In fact, for the majority of human history, ‘simple’ family life has been all but mandatory.
But for modern families, creating a simple life is not so simple anymore.
I know this because creating a simple life for my own family has not been simple.
I also know this because I have read hundreds of blogs, tweets and posts from other families who are struggling to create a simple family life for themselves.
And now I am cringing as I prepare to disclose embarrassing details about the contents of my hall closet.
Is Simplifying Enough?
Does familial contentment require us to pare down to the bare, bleached bones?
When you’ve given away all of your technology and moved your children to a shack in the woods to grow wild asparagus in your forest garden does unfiltered contentment magically appear?
Or do you only trade one set of complicated problems for another?
How do you cut away careers, house mortgage, thousands of square-feet of belongings and possessions, cars, student loan debt, friends, extended family, pets, charitable obligations, big green egg, on and on and on?
Is seeking contentment by simplifying your life an oversimplification?
Hall Closet Confessional
My family and I are on a journey to answer these questions for ourselves. We’ve figured out ideas that work for us and flops that don’t. Our war on clutter is a daily war of attrition against 2 toddlers and ourselves.
For example, we have a hall closet filled exclusively with winter coats and old instruction manuals for gadgets we don’t own anymore. Accumulating estranged instruction manuals is one of my bad habits.
Accumulating estranged instruction manuals is like buying a box of breakfast cereal, dumping it all out on the front lawn for the squirrels to eat and then carefully stashing the empty box in a safe. It’s extremely illogical, and I know this.
My attachment to these orphaned instruction manuals is complicated, too complicated to explain to my wife, too complicated to explain to myself.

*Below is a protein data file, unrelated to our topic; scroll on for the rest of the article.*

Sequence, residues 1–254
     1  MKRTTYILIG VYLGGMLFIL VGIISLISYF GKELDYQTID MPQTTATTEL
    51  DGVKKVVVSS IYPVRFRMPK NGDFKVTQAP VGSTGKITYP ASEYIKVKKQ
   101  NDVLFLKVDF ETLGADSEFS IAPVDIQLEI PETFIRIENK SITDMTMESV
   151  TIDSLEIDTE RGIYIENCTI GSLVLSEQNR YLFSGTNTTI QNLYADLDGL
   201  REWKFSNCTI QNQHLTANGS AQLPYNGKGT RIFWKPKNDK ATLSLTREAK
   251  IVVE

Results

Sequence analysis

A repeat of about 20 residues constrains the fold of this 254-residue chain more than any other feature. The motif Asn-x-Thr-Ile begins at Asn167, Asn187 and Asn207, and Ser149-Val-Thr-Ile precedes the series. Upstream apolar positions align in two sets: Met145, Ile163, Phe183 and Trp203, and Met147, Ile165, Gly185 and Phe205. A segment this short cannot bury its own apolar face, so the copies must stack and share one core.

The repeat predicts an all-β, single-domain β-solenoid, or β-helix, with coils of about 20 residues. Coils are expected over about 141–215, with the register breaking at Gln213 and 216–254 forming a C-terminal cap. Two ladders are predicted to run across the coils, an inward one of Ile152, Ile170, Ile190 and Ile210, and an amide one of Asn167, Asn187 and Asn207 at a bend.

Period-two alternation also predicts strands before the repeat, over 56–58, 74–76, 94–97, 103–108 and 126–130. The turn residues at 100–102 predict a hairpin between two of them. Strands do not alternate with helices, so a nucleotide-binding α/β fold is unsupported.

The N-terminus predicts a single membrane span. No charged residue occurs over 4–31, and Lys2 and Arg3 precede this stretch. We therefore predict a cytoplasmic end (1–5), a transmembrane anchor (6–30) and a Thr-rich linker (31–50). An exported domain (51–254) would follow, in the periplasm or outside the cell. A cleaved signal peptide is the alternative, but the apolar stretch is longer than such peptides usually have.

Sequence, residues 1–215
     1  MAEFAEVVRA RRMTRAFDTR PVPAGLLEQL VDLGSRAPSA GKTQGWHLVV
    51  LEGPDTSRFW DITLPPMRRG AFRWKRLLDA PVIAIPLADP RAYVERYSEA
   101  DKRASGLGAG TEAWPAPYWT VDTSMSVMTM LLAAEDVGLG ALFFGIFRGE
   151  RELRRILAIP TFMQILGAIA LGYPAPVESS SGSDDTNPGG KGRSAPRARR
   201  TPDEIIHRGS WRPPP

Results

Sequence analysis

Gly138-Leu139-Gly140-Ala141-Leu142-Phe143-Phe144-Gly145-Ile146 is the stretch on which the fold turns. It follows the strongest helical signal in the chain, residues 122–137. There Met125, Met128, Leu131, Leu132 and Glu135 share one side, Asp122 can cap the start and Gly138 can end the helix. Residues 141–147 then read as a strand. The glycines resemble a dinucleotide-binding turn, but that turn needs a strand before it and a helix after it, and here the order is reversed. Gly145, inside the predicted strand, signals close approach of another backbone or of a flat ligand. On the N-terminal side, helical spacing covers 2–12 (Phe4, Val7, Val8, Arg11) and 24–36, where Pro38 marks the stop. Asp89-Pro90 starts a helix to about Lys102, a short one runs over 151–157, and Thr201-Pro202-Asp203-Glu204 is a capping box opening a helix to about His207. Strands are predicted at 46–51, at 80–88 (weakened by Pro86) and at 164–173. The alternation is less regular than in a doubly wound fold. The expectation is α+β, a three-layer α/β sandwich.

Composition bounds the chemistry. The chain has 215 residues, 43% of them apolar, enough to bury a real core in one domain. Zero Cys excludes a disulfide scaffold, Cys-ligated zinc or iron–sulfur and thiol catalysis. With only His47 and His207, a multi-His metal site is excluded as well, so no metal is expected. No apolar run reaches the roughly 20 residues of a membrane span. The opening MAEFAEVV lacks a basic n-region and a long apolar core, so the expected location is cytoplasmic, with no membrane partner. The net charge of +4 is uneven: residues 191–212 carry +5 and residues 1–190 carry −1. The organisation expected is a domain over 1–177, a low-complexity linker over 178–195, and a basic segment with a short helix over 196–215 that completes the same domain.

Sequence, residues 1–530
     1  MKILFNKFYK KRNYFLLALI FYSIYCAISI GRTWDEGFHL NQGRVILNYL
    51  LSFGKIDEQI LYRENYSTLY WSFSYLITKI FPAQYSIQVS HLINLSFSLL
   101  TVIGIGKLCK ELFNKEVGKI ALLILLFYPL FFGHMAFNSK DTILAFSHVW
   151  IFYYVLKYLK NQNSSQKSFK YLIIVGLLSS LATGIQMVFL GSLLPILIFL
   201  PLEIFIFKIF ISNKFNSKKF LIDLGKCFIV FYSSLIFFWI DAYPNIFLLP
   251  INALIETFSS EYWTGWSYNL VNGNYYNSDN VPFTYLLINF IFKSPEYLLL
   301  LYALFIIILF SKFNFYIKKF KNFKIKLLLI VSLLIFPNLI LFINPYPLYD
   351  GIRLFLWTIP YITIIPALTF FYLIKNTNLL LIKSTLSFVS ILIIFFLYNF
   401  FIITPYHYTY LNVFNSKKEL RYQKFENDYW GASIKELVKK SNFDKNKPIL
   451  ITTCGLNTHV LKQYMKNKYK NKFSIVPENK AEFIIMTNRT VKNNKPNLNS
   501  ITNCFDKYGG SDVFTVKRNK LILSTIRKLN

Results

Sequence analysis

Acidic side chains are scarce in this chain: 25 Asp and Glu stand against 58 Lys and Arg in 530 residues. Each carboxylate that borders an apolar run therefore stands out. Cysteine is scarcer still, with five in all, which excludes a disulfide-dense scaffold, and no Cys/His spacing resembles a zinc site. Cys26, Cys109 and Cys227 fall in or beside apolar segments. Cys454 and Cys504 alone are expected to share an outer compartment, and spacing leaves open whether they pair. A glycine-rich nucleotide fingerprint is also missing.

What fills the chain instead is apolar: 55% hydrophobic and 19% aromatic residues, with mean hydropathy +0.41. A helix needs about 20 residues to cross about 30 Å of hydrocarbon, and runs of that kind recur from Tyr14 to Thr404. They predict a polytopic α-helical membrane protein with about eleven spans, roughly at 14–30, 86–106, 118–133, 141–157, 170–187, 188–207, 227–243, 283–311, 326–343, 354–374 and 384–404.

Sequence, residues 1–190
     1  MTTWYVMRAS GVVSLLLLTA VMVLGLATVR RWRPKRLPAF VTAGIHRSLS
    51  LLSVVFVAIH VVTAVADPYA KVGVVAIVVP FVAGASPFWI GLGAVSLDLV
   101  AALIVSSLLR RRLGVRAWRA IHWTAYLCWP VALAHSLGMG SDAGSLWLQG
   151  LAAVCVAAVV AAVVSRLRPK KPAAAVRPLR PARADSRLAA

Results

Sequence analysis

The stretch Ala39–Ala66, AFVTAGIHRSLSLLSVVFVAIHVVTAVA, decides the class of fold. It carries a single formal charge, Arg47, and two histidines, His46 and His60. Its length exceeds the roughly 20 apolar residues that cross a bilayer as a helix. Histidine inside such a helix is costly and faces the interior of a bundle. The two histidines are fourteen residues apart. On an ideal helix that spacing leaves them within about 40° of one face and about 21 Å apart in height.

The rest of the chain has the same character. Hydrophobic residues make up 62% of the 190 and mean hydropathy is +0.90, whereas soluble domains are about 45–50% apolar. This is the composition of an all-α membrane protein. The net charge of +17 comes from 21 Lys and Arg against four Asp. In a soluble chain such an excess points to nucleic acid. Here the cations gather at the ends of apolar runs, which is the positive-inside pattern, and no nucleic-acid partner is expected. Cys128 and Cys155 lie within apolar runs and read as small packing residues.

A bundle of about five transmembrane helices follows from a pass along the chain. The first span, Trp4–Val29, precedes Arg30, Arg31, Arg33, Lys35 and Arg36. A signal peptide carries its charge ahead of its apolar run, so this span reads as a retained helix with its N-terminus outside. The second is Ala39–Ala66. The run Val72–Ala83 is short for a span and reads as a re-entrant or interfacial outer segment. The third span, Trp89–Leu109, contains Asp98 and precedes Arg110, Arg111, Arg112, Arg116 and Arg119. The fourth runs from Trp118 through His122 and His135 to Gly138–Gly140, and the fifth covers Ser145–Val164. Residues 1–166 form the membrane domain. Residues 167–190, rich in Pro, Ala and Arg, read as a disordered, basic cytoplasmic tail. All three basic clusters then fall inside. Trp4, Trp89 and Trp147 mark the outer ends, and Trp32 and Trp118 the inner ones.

These complicated relationships with the accumulated stuff of modern life are part of what can make battling household clutter such a… well, battle.
Here’s a simple idea that is working for our family.
We fill a bag during the week with items from around the house that we can agree to donate with little debate. Think worn-out undershirts, coffee table coasters, unused kitchen tools and toys the kids haven’t glanced at in a year.
Keep the bag in your trunk (or boot if you live across the pond) and when date night comes around, drop the contents in the nearest donation bin.
We get a lighter, more relaxed feeling as we go out for the evening when we use this method.
If you aren’t sure where to start looking for items to donate, think of a place in your home you’ve been procrastinating to organize. Bookshelves, junk drawers and hall closets (ahem) are likely candidates.
Of course, to execute on this you’ve got to plan and organize that date night first. Sometimes this is the trickiest part of the plan for us!
I’m looking forward to creating a series of posts about date night to address these difficulties soon.
Simplicity for simplicity’s sake is probably not going to be enough for my family or yours to reach the kind of contentment we are striving for. That said, building automatic declutter routines can definitely enhance nearly every aspect of your family life, from your date nights to your storage spaces.
Finally, don’t be greedy. If you’ve collected some effective tips on simplifying your family life to increase your family’s joy and contentment please share it in the comments below!